Silence fell, it seemed the story was over. Anakin had to admit he’d liked the ending, but the lesson was another matter. He tried to ask something neutral then, “Will we Initiates ever see the Archives?”
“It usually hasn’t been the custom,” said Master Nu. “But the customs are all changing now, so perhaps it is not impossible. However, it is usually the purveyance of a Padawan’s Master when they see and learn about that environment. I am sure Master Jinn will bring you early enough.”
“I wonder if she still reads,” he said, as they rose and headed out of the room. “On Dantooine, I mean.”
“I’m sure she does,” said Master Nu. “In fact, I wouldn’t be surprised if that was part of her therapy. Though probably the things she reads now are the things she found most boring when she was my Padawan, as do most Padawans at that age, but what she now needs to find herself and her peace back.”
“I don’t know when I’ll come back to tell you another tale,” she said when they got back to the dormitory. “I would like you to think a little about the one I’ve just told. You don’t have to spend much time each day doing it, just a little bit, maybe, just after you wake up, or before you fall asleep.”
“I will,” said Anakin. He wasn’t sure he’d think about the lesson, which was what he thought she probably wanted him to think about, but he didn’t tell her that.
Meanwhile, that evening, he ended up telling the whole story over, because Tru and Ellé and all their other friends wanted to know what Master Nu had talked to him about, and when Anakin said she’d told him a story about his mother they wanted to hear it. He also had to explain to most of them where she was and how she had ended up there; only Ellé and Tru had known that already. That wasn’t easy to do, especially when during the story, three of Tru’s friends got up and left, and they were looking at Anakin the way they’d used to once upon a time, before the Sith attack had happened. He doubted they’d be the only ones with that reaction once his mother’s history was spread around.
But when everything had been told, Tru commented, “I’m with you on the problems on Malastare. We ought to do something to stop that kind of thing. And if the Senate stops us, that’s horrible of them, and I kind of think of us too. How could people want that kind of Senate?”
“I don’t know,” said Anakin. He thought of Chancellor Valorum, and what he had said to them. At the time, it had seemed to him to be a wonderful thing, but now he wasn’t so sure.
“Maybe we should ask more than one Master,” suggested Ellé. “Maybe next time Master Yoda comes to teach us, we should ask him. He would have to know why, right?”
“But would explain it to us?” pointed out one of Tru’s friends, an older girl named Sjolle. “Or would he just say something mysterious and weird, and expect us to figure everything out on our own?”
“Oh, yes,” agreed Octus Kon. He squatted until he was about Yoda’s height, and said, “Easy I don’t want to make this, Initiates. Round and round your thoughts must go. Explode, your heads must.”
That got them all laughing, a couple of people so hard they ended up sitting down on the floor, including Sjolle. She was still giggling, as were a number of others, when they heard the door to the dormitory open and someone else come in, and then a deep voice ask, “Excuse me, Initiate, but do you know where Initiate Sjolle is?”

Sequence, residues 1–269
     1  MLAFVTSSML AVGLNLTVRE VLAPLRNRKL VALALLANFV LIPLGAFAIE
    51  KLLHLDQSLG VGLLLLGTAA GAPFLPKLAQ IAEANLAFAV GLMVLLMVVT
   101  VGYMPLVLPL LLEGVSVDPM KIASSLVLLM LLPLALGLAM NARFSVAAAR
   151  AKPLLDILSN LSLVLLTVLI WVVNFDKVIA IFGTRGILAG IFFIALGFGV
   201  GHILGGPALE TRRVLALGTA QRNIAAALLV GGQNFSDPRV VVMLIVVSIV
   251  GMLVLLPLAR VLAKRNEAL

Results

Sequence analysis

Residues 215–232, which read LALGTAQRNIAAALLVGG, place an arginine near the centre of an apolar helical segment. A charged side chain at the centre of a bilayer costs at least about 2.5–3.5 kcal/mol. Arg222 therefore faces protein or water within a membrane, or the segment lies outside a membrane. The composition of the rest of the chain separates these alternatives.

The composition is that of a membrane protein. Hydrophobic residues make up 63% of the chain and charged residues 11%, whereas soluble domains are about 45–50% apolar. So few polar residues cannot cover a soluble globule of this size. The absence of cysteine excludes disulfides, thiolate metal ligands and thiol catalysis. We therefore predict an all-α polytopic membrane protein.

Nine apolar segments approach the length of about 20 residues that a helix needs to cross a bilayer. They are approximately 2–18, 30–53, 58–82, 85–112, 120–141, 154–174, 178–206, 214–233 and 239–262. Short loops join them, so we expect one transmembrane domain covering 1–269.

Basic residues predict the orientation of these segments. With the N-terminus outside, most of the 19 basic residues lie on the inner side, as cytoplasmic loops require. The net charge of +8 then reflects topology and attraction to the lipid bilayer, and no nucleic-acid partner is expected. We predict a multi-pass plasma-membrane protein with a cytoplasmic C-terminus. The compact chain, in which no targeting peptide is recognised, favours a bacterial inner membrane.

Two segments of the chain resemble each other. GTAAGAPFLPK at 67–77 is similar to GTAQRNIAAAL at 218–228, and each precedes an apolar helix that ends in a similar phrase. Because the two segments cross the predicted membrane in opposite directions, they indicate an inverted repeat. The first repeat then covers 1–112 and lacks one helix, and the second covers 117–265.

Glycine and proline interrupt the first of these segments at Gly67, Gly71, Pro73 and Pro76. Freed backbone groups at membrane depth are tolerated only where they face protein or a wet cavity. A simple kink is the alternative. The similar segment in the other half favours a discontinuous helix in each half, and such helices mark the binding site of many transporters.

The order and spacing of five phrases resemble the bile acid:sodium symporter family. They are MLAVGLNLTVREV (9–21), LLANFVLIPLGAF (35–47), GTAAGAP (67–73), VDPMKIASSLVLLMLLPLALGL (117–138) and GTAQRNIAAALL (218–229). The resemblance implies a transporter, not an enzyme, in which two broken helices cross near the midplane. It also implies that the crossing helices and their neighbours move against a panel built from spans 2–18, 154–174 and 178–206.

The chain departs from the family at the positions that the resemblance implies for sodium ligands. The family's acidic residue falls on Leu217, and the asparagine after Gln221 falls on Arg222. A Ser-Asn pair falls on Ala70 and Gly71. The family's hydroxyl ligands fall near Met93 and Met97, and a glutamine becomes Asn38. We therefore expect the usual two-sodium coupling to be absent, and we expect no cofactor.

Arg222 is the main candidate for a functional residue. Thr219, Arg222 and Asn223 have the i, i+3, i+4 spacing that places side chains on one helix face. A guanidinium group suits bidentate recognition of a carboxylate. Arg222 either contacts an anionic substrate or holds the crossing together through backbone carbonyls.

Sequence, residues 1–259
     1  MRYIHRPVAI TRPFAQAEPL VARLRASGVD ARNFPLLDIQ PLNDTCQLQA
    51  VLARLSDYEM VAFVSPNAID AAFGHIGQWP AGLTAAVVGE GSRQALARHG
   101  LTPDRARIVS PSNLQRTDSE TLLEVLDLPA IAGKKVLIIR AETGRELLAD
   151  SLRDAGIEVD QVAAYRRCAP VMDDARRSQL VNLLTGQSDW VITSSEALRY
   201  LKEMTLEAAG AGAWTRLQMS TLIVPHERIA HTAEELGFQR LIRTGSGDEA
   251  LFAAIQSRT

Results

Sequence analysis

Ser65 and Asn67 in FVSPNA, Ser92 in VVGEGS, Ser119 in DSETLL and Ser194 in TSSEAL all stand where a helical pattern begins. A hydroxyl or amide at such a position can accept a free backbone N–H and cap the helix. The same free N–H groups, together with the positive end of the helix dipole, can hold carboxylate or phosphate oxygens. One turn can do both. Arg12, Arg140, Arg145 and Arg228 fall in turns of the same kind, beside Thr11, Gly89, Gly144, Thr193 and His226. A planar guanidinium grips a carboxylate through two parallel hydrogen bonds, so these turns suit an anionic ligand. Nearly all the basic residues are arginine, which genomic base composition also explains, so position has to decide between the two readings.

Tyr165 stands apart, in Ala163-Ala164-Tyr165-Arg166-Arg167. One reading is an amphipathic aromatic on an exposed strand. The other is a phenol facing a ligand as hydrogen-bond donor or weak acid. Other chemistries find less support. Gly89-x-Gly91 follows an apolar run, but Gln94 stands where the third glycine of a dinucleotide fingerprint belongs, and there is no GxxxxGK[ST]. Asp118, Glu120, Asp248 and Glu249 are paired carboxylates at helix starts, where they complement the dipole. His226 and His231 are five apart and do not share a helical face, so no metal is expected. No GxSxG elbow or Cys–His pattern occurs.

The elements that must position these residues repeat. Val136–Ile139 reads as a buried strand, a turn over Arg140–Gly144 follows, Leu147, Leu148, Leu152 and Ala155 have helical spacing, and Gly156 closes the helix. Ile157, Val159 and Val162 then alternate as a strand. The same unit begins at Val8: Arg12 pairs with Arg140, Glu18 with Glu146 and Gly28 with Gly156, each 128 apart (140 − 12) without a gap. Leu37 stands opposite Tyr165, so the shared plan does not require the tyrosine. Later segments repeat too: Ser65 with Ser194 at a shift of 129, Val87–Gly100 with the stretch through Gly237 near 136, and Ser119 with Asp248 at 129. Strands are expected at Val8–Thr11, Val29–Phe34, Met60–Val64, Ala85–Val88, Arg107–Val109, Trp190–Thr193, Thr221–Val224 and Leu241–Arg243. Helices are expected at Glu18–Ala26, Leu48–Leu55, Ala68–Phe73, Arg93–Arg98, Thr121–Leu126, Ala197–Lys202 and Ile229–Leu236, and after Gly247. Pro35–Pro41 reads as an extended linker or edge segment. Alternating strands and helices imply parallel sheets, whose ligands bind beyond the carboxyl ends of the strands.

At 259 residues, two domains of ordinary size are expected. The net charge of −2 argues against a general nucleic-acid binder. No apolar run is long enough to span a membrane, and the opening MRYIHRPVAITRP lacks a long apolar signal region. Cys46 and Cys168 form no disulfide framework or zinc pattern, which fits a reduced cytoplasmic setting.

As they heard the response telling the newcomer where she was, everyone looked at Sjolle, and instantly they all knew. It was clear from her reaction that she recognized the voice, and that she was very happy to hear it.
She was scrambling to her feet when a bearded human male knight Anakin had seen once or twice but didn’t know the name of came in. “Initiate Sjolle,” he said. “If you could come with me?”
Barely had she gotten her, “Yes, Master,” out than Tru had taken hold of her hands. When she looked at him, he said simply, “Goodbye, Sjolle. May the Force be with you.”
“And you, and all of you” she said, and as she turned and follower her new Master out, she let her hands spread out on both sides. Those within range reached out to touch them. When her fingers brushed Anakin’s, he thought he felt a little sweat on them.
It was strange. This was something they ought to be glad about, that another one of them had found her Master and was taking the next big step towards becoming a Jedi. And it wasn’t like with Padmé, where she’d been the one taking care of everybody, so she had been a loss to them all, not just those who were her immediate friends. But when Sjolle walked out, she took the cheer with her. For a minute or so after they heard the door close behind the duo, nobody said anything; they just sat there, thinking about her, and where she was going, and how they might never see her again.
Then Tru said, “Do you think maybe our own individual Masters will have answers for these questions? If they don’t, I don’t think anyone will have them.”
“Maybe Sjolle’s asking right now,” said Darra. “I think when I get my Master, I’m going to ask him or her on the first day.”
“Why wait until then?” asked Anakin. “I think I’m going to ask Master Jinn next time he comes here, whether he takes me as a Padawan then or not.”
“Wow,” said Flick Wozir. “You’re very brave.”
“Jedi should always be brave,” said Octus. “But you’re right, Flick.”
Everyone else agreed with it too, but Anakin supposed he was lucky, that he knew Master Jinn was almost certain to take him unless he really messed up, and he figured asking a few more questions wouldn’t stop him. He was even hoping his Master to be would like it.